For the full fiscal year, we do not have a precise breakdown of factors affecting operating income, but I can give you a general idea. In both the first half and full year, discounts on sales prices will have a severe impact on operating income. The ¥29.4 billion negative impact of discounts in the first half therefore leads us to estimate a full-year impact of about ¥60 billion. Structural reform expenses will fall from last year's ¥36.1 billion to ¥8.5 billion, an improvement of about ¥27.6 billion. Regarding fixed costs, we plan to achieve a reduction in personnel and other items of about ¥37.5 billion. Streamlining and cost containment initiatives will probably contribute about ¥60 billion.
Q14. At the first-quarter earnings release on August 1, you stated that 40GB/P products accounted for 90% of HDD head sales in the first quarter and estimated that this figure would fall to 65% in the second quarter. Would you provide us with results through October 31 and figures for the second, third and fourth quarters?
A14. The share of 40GB/P heads in the second quarter was 73%, somewhat higher than our 65% forecast. We have revised our third-quarter estimate from 30% to 43% and our fourth-quarter estimate from 20% to 16%. 60GB/P and 80GB/P heads will account for the remainder.
Q15. Would you comment on how you are approaching captive makers, buyers of HDD heads who also produce heads in-house?
A15. I am unable to talk about relationships with individual companies. I can say, though, that we are proceeding as planned.
Q16. You have stated in your development plans that you intend to have both GMR and TMR 120GB/P heads. Is this merely to hedge your risks because the technological outlook isn't clear yet? Or are there other technological reasons for the need for two heads, such as compatibility with disks? Finally, please provide us with a roadmap for post-120GB/P technology.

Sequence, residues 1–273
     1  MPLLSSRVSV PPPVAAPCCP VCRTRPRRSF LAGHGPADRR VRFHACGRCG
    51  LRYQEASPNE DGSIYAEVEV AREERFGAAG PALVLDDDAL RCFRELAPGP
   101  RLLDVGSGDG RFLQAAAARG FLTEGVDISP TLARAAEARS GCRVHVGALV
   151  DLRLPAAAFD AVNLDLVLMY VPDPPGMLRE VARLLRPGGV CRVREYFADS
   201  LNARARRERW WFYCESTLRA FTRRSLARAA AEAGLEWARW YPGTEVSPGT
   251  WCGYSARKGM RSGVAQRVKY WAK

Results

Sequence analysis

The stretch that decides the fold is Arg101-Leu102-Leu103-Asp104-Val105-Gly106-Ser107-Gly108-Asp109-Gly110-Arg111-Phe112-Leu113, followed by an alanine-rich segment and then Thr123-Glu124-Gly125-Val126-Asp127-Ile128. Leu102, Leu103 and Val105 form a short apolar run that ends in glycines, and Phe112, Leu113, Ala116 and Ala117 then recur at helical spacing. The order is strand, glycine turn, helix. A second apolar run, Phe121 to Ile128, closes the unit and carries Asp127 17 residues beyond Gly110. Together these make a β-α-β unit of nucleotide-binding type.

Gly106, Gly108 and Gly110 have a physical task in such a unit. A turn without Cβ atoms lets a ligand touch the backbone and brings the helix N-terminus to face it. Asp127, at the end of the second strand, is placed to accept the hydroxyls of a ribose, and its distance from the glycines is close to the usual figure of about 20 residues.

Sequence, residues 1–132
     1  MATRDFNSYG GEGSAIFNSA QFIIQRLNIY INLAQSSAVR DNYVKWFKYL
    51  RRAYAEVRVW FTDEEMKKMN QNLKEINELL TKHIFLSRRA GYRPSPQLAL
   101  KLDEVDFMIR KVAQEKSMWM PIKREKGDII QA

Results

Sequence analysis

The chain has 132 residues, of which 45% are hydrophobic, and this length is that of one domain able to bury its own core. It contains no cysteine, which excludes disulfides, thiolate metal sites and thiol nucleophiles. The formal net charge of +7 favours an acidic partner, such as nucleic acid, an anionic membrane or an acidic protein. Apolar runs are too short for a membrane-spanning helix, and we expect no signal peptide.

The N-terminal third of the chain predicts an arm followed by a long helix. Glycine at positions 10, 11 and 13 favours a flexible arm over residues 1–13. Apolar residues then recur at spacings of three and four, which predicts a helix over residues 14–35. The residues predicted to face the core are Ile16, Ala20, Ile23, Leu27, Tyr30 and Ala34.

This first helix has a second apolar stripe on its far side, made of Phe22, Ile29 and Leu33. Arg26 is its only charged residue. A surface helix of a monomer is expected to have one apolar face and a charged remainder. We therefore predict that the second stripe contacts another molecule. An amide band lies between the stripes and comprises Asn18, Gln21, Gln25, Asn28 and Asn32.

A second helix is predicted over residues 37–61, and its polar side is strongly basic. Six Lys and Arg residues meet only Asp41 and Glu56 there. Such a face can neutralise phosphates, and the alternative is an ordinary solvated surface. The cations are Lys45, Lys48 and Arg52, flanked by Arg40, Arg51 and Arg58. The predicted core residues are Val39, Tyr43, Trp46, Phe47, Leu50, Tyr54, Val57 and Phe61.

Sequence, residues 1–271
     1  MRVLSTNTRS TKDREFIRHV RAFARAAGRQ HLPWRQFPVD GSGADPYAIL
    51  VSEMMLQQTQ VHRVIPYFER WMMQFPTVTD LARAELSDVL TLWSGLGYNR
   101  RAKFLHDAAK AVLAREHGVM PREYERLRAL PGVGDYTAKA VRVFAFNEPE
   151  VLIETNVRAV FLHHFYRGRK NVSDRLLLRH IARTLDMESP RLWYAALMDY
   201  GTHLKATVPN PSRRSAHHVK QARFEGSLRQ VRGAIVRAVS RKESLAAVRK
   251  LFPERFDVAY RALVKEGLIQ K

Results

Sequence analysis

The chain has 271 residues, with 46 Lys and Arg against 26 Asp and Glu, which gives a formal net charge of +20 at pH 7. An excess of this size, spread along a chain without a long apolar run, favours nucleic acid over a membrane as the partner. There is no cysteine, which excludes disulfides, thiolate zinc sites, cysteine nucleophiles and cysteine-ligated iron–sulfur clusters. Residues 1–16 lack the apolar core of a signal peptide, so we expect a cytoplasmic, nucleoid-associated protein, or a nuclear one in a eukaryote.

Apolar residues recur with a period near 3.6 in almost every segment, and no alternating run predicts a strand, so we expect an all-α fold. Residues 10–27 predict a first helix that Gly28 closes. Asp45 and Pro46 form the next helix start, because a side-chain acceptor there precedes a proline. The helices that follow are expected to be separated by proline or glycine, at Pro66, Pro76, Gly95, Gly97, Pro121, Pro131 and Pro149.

A16. We are developing GMR and TMR versions of 120GB/P heads because customers of ours who can use TMR technology asked us to develop this head. Since we believe that some manufacturers will be unable to use TMR technology, we are also working on a GMR version. Manufacturers unable to use TMR will ultimately be asked to downgrade to 80GB/P and 60GB/P heads to prevent a decline in their HDD production yields. We believe this will lead to a reduction in the relative share of 120GB/P heads shipped.

Regarding our technology roadmap, we think that we will be able to develop a TMR 160GB/P HDD head for conventional longitudinal recording. However, longitudinal recording is impractical for next-generation 240GB/P heads and future models. We believe this will make it necessary to study perpendicular recording and other new types of recording methods.
Q17. I think there is currently one HDD head user that does not do business with TDK. With no prospects for growth in demand for HDD heads, will TDK need to start doing business with this company? What is your view?
A17. I'm sorry, but I am unable to comment on relationships with specific companies.
Q18. You stated that structural reform expenses, including restructuring costs, totaled ¥3.2 billion in the second quarter. Would you give us a breakdown of these expenses for the electronic materials and components and recording media & systems segments?
A18. Structural reform expenses were about ¥2.4 billion for electronic materials and components and about ¥0.8 billion for recording media & systems.
Q19. Although I can't be precise because I don't know first-quarter profit structure reform expenses, would it be correct to say that, if these expenses are excluded, electronic materials and components' operating income would have been the same in the first and second quarters?
A19. Yes, that's correct.
Q20. Looking at first- and second-quarter results in the electronic materials and components segment, second-quarter sales were down about ¥2 billion but, despite the yen's appreciation, operating income was effectively unchanged. Were HDD heads the main reason? And was operating income for other products flat or lower?
A20. Within the electronic materials and components segment, operating income of recording devices increased. Elsewhere, operating income was higher for some products and lower for others.
Q21. This improvement means that results in the recording media & systems segment were much worse. Can you tell us why? And will seasonable factors be responsible for the third quarter return to the black?
A21. Profit structure reform expenses in the recording media & systems segment were ¥200 million in the first quarter and ¥800 million in the second quarter for a total of ¥1 billion in the first half. These expenses were thus responsible for the loss in this segment. Recently, the impact of seasonal factors has become minimal. Even so, third-quarter sales tend to be the highest of the year, so we are projecting a profit.